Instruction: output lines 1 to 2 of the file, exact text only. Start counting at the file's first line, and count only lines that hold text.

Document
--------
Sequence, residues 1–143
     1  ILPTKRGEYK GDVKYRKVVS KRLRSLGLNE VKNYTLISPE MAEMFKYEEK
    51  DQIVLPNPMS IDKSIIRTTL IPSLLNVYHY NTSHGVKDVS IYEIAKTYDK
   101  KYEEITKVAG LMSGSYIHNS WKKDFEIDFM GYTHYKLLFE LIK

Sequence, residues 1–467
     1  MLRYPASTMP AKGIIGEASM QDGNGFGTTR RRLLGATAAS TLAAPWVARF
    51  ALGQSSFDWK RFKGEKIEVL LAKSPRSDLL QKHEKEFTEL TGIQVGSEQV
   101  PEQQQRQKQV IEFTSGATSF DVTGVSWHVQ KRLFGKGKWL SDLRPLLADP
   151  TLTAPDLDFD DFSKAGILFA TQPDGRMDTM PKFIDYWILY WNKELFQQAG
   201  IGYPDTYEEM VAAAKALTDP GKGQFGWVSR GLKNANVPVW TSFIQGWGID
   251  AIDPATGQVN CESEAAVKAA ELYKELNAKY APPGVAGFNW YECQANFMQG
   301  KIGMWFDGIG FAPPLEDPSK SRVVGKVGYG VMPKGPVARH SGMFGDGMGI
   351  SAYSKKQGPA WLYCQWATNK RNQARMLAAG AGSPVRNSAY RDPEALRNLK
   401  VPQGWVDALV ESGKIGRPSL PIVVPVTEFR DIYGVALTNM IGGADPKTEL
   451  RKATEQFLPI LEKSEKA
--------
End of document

Sequence, residues 1–143
     1  ILPTKRGEYK GDVKYRKVVS KRLRSLGLNE VKNYTLISPE MAEMFKYEEK